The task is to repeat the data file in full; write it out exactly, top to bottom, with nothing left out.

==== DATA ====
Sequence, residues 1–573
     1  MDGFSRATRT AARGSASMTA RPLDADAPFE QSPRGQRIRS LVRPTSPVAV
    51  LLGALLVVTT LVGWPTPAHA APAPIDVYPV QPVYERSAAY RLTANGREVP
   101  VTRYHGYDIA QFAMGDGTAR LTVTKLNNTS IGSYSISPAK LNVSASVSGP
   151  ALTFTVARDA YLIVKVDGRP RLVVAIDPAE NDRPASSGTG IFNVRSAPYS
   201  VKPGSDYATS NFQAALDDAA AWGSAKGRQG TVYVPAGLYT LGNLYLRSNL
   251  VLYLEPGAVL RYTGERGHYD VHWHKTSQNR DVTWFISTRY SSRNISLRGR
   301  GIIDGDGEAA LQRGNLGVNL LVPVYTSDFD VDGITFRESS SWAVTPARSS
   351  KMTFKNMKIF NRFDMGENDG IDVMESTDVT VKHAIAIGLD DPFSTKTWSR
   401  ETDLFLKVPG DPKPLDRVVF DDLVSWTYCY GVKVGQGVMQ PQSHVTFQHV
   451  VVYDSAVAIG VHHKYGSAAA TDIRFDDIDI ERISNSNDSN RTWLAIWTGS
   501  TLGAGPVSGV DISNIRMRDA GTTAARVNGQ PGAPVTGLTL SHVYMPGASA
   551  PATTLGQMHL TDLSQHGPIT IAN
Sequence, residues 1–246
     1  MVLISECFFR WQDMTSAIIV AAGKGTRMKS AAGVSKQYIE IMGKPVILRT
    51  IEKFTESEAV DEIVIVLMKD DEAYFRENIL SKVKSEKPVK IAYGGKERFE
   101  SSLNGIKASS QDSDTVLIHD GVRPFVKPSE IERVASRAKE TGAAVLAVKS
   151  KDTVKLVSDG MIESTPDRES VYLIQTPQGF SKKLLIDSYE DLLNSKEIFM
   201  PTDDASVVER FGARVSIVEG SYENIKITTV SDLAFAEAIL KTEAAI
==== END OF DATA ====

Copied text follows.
Sequence, residues 1–573
     1  MDGFSRATRT AARGSASMTA RPLDADAPFE QSPRGQRIRS LVRPTSPVAV
    51  LLGALLVVTT LVGWPTPAHA APAPIDVYPV QPVYERSAAY RLTANGREVP
   101  VTRYHGYDIA QFAMGDGTAR LTVTKLNNTS IGSYSISPAK LNVSASVSGP
   151  ALTFTVARDA YLIVKVDGRP RLVVAIDPAE NDRPASSGTG IFNVRSAPYS
   201  VKPGSDYATS NFQAALDDAA AWGSAKGRQG TVYVPAGLYT LGNLYLRSNL
   251  VLYLEPGAVL RYTGERGHYD VHWHKTSQNR DVTWFISTRY SSRNISLRGR
   301  GIIDGDGEAA LQRGNLGVNL LVPVYTSDFD VDGITFRESS SWAVTPARSS
   351  KMTFKNMKIF NRFDMGENDG IDVMESTDVT VKHAIAIGLD DPFSTKTWSR
   401  ETDLFLKVPG DPKPLDRVVF DDLVSWTYCY GVKVGQGVMQ PQSHVTFQHV
   451  VVYDSAVAIG VHHKYGSAAA TDIRFDDIDI ERISNSNDSN RTWLAIWTGS
   501  TLGAGPVSGV DISNIRMRDA GTTAARVNGQ PGAPVTGLTL SHVYMPGASA
   551  PATTLGQMHL TDLSQHGPIT IAN
Sequence, residues 1–246
     1  MVLISECFFR WQDMTSAIIV AAGKGTRMKS AAGVSKQYIE IMGKPVILRT
    51  IEKFTESEAV DEIVIVLMKD DEAYFRENIL SKVKSEKPVK IAYGGKERFE
   101  SSLNGIKASS QDSDTVLIHD GVRPFVKPSE IERVASRAKE TGAAVLAVKS
   151  KDTVKLVSDG MIESTPDRES VYLIQTPQGF SKKLLIDSYE DLLNSKEIFM
   201  PTDDASVVER FGARVSIVEG SYENIKITTV SDLAFAEAIL KTEAAI